COPENHAGEN, July 6 - President Bush vigorously defended his foreign policy today as he headed toward a summit meeting of the big industrial nations, and he signaled that he would not budge on one of the most contentious issues dividing the United States from its allies, how best to address global warming.
At a news conference with the prime minister of Denmark, Anders Fogh Rasmussen, Mr. Bush sought to rebut widespread criticism in Europe of his administration, including his policy of holding detainees in the fight against terrorism at Guantánamo Bay. He said the war in Iraq was justified despite public opinion to the contrary, and cast the United States as a leader in confronting poverty and disease in Africa.
He was especially pointed in asserting his view that the other big democracies are going down the wrong path in maintaining their insistence that curbing global warming requires a commitment to numerical goals for reducing emissions of greenhouse gases caused by the burning of fossil fuels.
Prime Minister Tony Blair of Britain, the host of the summit meeting scheduled to start tonight under heavy security at the golf resort of Gleneagles in Scotland, has been laboring to find some compromise on the issue that would allow the United States to join the other industrial nations in a commitment to taking action against global warming. Mr. Bush made a nod to the compromise effort at the news conference, saying, "I recognize that the surface of the earth is warmer and that an increase in greenhouse gases caused by humans is contributing to the problem."
But Mr. Bush made clear that he wanted to depart from the thinking behind the Kyoto protocol, the international agreement on the issue that he rejected early in his first term. The agreement has been ratified by all the other major economic powers.
"The reason it didn't work for the world is many developing nations weren't included in Kyoto," Mr. Bush said. "I've also told our friends in Europe that Kyoto would have wrecked our economy. I don't see how you can be president of the United States and agree to an agreement that would have put a lot of people out of work."
Mr. Bush said it was time to move on to a "post-Kyoto era," in which the United States and the other big powers concentrate their efforts on developing technologies that reduce emissions rather than on requiring nations to adhere to what amount to quotas on emissions and higher energy costs.
Mr. Bush spent the first part of today - his 59th birthday - meeting in Denmark with Mr. Rasmussen and Queen Margrethe II. He started the day with a piece of Danish breakfast birthday cake. He was subsequently greeted at Mr. Rasmussen's summer home by a band playing "Happy Birthday," and at lunch later the queen had a large cake carried in and helped the president blow out the candles.
Denmark has more than 500 of its troops in Iraq, and Mr. Bush came here primarily to thank Mr. Rasmussen for sticking by the United States despite what polls here say is strong opposition to the war. Acknowledging that anti-war feeling is "current wisdom these days," the president added that "following public polls is like chasing your tail" and that in Iraq and elsewhere, "I truly believe we're laying the foundation for peace."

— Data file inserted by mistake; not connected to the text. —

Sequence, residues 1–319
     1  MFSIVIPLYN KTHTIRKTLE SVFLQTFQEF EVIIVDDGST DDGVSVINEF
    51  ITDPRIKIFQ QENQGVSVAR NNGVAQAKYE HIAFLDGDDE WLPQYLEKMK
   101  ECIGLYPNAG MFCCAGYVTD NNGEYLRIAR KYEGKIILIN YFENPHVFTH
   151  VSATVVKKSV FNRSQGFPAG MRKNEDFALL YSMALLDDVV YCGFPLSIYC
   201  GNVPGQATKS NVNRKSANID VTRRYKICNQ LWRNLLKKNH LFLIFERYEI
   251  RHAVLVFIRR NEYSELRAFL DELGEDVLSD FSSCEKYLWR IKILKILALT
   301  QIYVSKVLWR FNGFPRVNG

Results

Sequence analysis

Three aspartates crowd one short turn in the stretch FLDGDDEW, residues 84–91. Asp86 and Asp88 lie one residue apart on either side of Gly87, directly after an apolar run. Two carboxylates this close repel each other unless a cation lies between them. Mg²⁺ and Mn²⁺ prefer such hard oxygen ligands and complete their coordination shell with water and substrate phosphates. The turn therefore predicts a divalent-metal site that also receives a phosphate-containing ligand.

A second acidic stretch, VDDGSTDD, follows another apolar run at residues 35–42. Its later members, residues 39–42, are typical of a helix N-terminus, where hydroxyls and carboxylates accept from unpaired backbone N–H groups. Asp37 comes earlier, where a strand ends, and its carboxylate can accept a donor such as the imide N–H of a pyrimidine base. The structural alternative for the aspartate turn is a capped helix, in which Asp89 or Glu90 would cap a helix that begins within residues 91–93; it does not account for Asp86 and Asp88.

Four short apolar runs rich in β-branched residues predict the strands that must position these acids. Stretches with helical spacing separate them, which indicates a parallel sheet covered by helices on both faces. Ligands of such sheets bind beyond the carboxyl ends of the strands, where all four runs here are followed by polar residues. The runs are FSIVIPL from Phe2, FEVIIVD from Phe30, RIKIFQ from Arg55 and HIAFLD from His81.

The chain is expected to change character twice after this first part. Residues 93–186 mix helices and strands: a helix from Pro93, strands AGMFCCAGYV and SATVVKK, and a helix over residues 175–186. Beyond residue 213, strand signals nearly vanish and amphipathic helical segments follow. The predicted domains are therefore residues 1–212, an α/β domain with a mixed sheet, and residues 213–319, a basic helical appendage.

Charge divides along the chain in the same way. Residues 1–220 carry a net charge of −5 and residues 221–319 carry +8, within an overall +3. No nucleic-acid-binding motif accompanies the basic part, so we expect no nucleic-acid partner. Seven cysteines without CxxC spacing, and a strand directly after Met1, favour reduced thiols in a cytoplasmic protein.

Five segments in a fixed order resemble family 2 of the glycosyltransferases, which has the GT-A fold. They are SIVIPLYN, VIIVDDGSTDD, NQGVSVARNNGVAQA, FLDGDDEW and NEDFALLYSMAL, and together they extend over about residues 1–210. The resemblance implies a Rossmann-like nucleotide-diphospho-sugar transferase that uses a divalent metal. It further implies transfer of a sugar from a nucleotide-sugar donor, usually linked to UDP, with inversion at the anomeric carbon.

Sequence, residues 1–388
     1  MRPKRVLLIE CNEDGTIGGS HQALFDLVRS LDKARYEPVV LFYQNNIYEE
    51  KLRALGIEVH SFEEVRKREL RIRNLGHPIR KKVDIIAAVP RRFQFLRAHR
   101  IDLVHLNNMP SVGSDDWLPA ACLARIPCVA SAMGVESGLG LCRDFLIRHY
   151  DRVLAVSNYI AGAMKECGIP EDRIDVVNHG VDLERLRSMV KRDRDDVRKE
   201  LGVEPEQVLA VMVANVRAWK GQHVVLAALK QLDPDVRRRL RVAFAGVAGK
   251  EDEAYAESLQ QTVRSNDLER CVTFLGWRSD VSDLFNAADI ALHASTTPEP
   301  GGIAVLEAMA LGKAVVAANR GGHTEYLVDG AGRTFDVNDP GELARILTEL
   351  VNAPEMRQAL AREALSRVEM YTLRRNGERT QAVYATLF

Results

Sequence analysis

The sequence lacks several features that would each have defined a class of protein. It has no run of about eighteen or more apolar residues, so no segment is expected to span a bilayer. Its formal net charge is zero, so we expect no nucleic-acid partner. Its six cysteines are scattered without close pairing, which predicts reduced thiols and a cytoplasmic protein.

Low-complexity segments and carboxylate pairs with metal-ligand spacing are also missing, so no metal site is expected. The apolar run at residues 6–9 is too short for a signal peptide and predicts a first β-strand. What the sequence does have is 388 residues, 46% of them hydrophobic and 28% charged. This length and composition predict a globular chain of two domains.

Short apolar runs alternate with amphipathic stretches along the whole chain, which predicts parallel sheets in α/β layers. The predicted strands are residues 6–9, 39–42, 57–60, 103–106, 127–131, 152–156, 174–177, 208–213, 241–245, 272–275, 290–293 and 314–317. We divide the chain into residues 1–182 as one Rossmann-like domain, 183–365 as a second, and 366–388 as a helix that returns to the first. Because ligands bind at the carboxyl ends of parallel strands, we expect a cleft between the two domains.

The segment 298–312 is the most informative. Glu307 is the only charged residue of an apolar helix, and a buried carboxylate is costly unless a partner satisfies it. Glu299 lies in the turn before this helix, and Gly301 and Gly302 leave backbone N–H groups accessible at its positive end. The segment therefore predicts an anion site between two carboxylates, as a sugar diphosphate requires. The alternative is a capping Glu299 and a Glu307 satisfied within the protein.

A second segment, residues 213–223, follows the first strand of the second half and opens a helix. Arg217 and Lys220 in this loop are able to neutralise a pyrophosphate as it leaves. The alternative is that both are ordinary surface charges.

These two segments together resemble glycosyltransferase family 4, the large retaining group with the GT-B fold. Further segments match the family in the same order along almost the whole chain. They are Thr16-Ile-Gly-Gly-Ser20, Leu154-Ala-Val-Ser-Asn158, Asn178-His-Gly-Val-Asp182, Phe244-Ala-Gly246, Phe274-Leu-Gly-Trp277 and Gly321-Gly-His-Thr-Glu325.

Unprompted, Mr. Bush brought up concerns expressed privately to him by Mr. Rasmussen about Guantánamo Bay, where the United States is holding prisoners picked up in Afghanistan and in other efforts to combat terrorism, so far without charge or trial.
Mr. Bush said there was "total transparency" at the detention center and that the International Red Cross has been free to inspect the center at any time. To those Europeans skeptical of his claims, Mr. Bush said he would "suggest buying an airplane ticket" and going to "take a look for yourself."
Along with the debate over climate change, aid to Africa will be the other big issue taken up at the summit meeting in Scotland, where Mr. Blair and Mr. Bush will be joined by their counterparts from France, Germany, Japan, Italy, Canada and Russia.
As on global warming, Mr. Bush shares the general goal of his allies, but comes at the problem from a different perspective. He has rebuffed Mr. Blair's call for the United States and other countries to commit a larger and specific portion of their national incomes to assisting Africa. Standing beside Mr. Rasmussen today, Mr. Bush ran through a list of initiatives the United States has sponsored to help alleviate poverty and disease in Africa, including programs to fight malaria and H.I.V./AIDS, cut the debts of the poorest nations and increase direct aid.
But Mr. Rasmussen gently chided the United States for not doing more.
"In fact, if all G-8 countries matched our effort, Africa would get $90 billion a year, instead of only $25 billion," he said glancing at Mr. Bush. "I therefore urge all G-8 countries to follow our good example."
Mr. Bush was accompanied to Denmark and Scotland by his wife, Laura, who is embarking on a trip through Africa starting on Friday, when Mr. Bush will head back to Washington.